Make Meetings Meaningful

in General, Your Business

When you’re a business owner, meetings can be either the most valuable part of your day – or a complete waste of time that keeps you from more important tasks. Well-run meetings provide an opportunity to collaborate and learn from one another, but when they start to feel overwhelming or pointless, it can negatively impact staff morale and reduce productivity.

The solution is to aim for brief meetings that accomplish specific goals. Imagine what your workday would be like if meetings were less frequent and more productive. Try these suggestions for transforming your approach to meetings:

Achieving Less Frequent Meetings

  1. Clear the calendar: Do you attend weekly meetings whose origins are shrouded in mystery? It may be time to reboot your schedule. Review every recurring meeting you have to ensure that it still offers valid reasons for its existence.
  2. Try calls/emails first: We have all experienced times when a meeting should have been an email. It pays to call or email meeting attendees in advance to see if you can accomplish meeting goals before taking the time to gather. You could also try handling the issue on your own or by asking an employee for assistance.
  3. Create meeting-free days: Feel like you’re buried in meetings? Take a day off from the conference room. Some companies have made a commitment to plan at least one day each week without meetings. This gives employees more time for tasks that require fewer distractions.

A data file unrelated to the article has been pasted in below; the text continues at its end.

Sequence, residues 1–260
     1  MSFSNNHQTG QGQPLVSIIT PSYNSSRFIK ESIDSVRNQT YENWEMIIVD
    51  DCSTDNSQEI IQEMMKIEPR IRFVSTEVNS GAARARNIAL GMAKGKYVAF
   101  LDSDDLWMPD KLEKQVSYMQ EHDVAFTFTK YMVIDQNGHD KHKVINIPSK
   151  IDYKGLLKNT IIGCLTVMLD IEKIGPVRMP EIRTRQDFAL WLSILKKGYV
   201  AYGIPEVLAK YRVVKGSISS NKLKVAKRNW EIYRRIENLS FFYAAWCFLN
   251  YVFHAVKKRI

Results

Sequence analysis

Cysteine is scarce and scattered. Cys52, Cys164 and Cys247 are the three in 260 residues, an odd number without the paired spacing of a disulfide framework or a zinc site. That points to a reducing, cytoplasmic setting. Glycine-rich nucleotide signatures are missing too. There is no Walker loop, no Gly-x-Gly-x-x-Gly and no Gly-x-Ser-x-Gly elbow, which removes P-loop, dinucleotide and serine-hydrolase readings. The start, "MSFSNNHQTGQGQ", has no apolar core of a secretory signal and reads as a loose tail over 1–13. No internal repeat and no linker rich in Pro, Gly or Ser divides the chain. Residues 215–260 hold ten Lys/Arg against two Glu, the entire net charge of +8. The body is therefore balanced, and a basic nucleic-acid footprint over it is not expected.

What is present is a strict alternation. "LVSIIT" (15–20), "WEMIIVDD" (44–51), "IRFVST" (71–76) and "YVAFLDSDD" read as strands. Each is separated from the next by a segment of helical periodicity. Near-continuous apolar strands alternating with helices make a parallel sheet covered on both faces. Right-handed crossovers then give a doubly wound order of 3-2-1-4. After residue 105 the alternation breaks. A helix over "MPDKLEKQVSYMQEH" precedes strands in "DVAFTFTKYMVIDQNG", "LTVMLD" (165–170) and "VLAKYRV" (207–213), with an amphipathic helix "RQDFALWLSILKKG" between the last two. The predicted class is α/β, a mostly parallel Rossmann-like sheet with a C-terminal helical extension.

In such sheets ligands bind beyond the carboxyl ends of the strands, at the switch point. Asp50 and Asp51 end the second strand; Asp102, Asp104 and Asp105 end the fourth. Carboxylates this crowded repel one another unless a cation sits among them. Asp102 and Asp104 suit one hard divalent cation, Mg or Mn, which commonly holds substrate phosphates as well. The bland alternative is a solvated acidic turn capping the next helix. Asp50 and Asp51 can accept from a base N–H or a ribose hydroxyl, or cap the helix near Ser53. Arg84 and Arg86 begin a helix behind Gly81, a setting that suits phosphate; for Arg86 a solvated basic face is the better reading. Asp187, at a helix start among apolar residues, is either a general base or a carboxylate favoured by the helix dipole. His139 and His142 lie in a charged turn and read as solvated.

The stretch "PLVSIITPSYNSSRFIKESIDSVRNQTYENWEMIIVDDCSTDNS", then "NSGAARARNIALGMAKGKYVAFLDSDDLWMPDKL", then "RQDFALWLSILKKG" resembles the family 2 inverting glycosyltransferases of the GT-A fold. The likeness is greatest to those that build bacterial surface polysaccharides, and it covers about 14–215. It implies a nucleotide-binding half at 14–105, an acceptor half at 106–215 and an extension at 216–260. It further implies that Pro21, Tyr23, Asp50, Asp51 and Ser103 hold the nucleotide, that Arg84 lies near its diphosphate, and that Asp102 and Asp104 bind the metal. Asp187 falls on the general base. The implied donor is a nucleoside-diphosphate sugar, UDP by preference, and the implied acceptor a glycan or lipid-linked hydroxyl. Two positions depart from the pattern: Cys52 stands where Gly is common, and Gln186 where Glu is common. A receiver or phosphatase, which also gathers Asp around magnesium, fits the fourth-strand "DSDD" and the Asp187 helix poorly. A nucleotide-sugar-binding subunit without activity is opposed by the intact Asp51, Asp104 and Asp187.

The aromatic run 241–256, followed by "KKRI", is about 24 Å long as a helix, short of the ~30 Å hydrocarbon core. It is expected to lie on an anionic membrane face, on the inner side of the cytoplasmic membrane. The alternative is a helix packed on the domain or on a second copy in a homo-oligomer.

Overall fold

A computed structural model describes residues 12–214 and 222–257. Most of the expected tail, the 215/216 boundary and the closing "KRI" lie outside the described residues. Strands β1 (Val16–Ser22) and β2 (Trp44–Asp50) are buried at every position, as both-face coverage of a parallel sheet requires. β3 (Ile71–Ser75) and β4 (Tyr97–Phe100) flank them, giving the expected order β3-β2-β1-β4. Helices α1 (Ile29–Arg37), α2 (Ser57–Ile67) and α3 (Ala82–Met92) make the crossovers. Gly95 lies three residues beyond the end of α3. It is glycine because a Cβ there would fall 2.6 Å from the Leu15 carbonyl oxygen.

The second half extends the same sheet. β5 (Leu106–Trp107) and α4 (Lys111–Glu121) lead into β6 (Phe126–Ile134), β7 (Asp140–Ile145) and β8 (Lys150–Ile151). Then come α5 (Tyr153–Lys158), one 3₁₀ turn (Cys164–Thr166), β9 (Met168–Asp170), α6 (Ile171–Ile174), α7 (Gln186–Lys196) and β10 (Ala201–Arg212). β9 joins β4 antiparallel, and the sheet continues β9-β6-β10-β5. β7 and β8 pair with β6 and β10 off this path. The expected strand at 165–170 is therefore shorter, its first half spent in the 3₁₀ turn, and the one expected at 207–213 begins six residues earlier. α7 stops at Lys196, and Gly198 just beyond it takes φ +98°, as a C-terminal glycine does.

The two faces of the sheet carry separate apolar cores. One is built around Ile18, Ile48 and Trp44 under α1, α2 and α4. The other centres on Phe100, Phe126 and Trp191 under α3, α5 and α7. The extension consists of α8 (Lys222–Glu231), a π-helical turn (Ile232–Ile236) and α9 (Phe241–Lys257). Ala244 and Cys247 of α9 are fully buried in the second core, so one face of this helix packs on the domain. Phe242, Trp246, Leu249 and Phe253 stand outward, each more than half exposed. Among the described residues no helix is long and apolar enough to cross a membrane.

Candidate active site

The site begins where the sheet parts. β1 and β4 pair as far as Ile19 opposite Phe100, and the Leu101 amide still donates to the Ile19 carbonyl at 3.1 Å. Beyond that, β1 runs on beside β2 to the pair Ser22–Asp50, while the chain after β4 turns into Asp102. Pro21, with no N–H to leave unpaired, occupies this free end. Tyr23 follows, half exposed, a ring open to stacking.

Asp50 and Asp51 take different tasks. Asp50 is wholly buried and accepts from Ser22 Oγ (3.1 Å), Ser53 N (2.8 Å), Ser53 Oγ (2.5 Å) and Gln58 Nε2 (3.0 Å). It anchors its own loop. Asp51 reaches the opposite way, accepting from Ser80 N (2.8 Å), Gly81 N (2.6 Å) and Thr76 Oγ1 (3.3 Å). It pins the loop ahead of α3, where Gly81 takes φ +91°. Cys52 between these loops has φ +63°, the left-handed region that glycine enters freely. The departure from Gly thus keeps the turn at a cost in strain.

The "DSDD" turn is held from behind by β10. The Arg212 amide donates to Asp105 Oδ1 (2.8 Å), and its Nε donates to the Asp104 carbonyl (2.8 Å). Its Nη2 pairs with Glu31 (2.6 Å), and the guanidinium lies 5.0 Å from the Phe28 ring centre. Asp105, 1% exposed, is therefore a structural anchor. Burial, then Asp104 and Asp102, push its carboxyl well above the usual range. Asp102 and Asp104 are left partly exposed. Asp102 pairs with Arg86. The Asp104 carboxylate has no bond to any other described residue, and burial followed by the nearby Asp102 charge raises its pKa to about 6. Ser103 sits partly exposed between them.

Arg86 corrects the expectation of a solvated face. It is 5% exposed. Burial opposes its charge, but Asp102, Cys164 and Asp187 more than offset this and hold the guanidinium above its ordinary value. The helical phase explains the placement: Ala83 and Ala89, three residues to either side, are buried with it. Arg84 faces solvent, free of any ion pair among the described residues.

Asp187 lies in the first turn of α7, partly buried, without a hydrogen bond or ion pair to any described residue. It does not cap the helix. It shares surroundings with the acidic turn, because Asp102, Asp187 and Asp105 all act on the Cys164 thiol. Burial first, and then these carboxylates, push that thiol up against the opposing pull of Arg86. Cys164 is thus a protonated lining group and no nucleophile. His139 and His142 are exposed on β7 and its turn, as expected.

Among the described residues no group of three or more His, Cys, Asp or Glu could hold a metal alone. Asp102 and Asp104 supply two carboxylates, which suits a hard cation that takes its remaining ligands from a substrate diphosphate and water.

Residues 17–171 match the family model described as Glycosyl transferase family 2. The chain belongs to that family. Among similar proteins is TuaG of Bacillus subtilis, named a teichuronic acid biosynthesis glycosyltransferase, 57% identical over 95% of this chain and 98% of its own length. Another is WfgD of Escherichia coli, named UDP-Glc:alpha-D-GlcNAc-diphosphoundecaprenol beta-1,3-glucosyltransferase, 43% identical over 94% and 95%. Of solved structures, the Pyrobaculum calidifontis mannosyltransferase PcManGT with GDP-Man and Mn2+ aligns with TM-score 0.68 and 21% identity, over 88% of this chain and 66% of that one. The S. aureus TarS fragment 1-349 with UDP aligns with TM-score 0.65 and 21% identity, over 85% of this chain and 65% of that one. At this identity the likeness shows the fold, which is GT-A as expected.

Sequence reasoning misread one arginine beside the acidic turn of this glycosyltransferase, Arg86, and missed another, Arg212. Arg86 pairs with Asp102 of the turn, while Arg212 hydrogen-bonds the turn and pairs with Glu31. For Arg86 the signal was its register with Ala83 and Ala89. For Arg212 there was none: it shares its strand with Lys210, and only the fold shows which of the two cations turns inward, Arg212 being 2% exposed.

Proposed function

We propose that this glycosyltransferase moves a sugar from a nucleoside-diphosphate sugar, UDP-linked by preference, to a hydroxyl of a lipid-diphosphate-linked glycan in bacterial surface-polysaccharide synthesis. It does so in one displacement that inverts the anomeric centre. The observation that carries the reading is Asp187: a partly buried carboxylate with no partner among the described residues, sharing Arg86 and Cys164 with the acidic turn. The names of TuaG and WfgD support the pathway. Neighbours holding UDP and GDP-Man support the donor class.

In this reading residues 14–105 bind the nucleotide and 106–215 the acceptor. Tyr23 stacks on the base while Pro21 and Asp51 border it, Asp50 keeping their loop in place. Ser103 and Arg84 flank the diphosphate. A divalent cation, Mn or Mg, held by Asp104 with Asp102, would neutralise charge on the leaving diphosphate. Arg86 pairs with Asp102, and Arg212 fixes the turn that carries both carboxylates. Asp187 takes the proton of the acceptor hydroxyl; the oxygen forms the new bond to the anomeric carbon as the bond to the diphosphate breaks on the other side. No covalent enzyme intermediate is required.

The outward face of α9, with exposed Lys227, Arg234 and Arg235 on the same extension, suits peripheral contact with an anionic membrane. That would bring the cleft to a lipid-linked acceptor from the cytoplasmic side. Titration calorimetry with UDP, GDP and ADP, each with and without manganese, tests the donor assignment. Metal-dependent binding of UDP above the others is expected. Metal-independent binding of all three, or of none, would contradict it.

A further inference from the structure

4. Opt out: If you’re tactful about it, you may be able to turn down meeting invitations without causing friction. Explain your conflict and propose an alternative like using project management tools or creating your own internal job monitoring materials that allow employees to collaborate online.


Making Each Meeting More Productive

  1. Have an agenda: Keep your meeting on track by circulating an agenda. It will provide a sense of direction and help participants stick to the topic.
  2. Limit attendance: Most experts believe that meetings are more effective when they’re limited to around eight participants. Larger groups often experience more difficulties with communication and decision making.
  3. Shorten planned meeting time: Why schedule an hour-long meeting when 45 minutes will suffice? Having less time encourages greater focus and fewer unrelated conversations.
  4. Finish early: Give your colleagues an incentive to be concise. Make it a habit to end meetings ahead of time when discussion of the topic is completed.
  5. Stand up and move: Try conducting a meeting standing up and/or walking around. Your movement may keep people more focused; you also may find that you think and speak more clearly on your feet.
  6. Ban browsing: Many companies prohibit phones and other devices from meetings. You could also establish a policy that requires muting phones and using devices only for tasks relevant to the meeting.
  7. Upgrade your technology: If you have remote employees or offer flex schedules, use video conference calls and screen sharing applications to keep everyone up to date and accomplish more in less time.
  8. Provide leader training: Consider providing training for employees who conduct meetings. It may help you to build morale and achieve your longer-term meeting goals.

Successful meetings can not only help provide solutions that get full buy in from your team but also strengthen internal relationships. Set a goal with your staff to ensure that your meetings are essential and impactful – they will appreciate it as much as you do!